In addition to supporting farmers decision-making using weather information and agro-meteorology forecasts, the pilot institutional objectives were to evaluate the accuracy of the ECMWF model, to cross-fertilize the NMA and ECMWF models and to improve NMA services, both in terms of forecast reliability and reach to farmers. The weather forecasting service provided is based on the European Centre for Medium range Weather Forecast (ECMWF) model.
Key lessons learned and practical / institutional recommendations
1. It is important to deliver practical training and provide close follow-up to cascading training to agricultural professionals and farmers to ensure that the weather information in the SMS message is clearly understood. Even though the number has improved over the years, the assessment showed 13% of the sample farmers did not fully understand the text message properly.
2. Weather forecasts have to be in the local language. The date and period of the forecast, as well as the location for which it applies have to be clearly indicated.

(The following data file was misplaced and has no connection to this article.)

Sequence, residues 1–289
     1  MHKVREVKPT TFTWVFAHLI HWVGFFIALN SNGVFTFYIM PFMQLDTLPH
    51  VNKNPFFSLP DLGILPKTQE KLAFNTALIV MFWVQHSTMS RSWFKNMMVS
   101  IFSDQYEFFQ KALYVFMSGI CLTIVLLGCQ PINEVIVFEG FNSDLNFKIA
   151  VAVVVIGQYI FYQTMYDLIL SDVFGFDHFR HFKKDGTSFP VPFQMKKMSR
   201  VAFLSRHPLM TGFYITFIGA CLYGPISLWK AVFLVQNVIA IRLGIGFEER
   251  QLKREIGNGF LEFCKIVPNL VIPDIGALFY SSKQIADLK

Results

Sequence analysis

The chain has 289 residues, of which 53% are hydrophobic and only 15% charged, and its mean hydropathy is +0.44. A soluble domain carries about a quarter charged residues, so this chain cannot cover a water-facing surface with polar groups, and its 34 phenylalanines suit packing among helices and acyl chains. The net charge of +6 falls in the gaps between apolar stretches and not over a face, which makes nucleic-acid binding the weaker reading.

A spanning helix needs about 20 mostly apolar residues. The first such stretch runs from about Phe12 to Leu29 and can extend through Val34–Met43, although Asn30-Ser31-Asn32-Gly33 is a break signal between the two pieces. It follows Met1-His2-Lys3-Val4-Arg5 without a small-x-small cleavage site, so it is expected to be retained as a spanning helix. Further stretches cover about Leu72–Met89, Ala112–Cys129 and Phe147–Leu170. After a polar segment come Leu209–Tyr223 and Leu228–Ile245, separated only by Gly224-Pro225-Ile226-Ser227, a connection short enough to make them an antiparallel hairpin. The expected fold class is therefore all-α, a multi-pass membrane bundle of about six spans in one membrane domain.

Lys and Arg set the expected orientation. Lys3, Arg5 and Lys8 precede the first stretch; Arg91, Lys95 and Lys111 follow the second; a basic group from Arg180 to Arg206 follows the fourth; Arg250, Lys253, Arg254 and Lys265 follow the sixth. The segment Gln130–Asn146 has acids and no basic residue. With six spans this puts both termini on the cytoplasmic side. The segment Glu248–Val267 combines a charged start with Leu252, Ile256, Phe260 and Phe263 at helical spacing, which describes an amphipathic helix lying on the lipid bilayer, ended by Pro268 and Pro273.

3. To reach illiterate farmers (40% in the sesame zone), involvement of family members enrolled in education is important. Collaboration with schools and teachers providing and explaining weather information during lessons could improve the reach and understanding of weather forecast services.
4. Weather forecasting should start at the end of the dry season and continue until all crops are harvested and bagged, so that farmers benefit from weather information for all farming operations.
5. If possible, inclusion of seasonal forecasts can contribute to a better long term agricultural plan.
6. The provision of weather information has to be accompanied by the training on how to use it for farm management decisions. Weather forecast messages could be followed by messages indicating options for adapted farm management. This would require collaboration of the meteorological agency with agricultural research and extension. A call service that farmers could use for extra explanations would make the activity even more relevant. For example, using weather forecasts to protect cereals from rainfall damage by using plastic sheets for sesame stacking and drying. And for cereals, putting wood on top of sorghum and millet piles to protect them from the wind.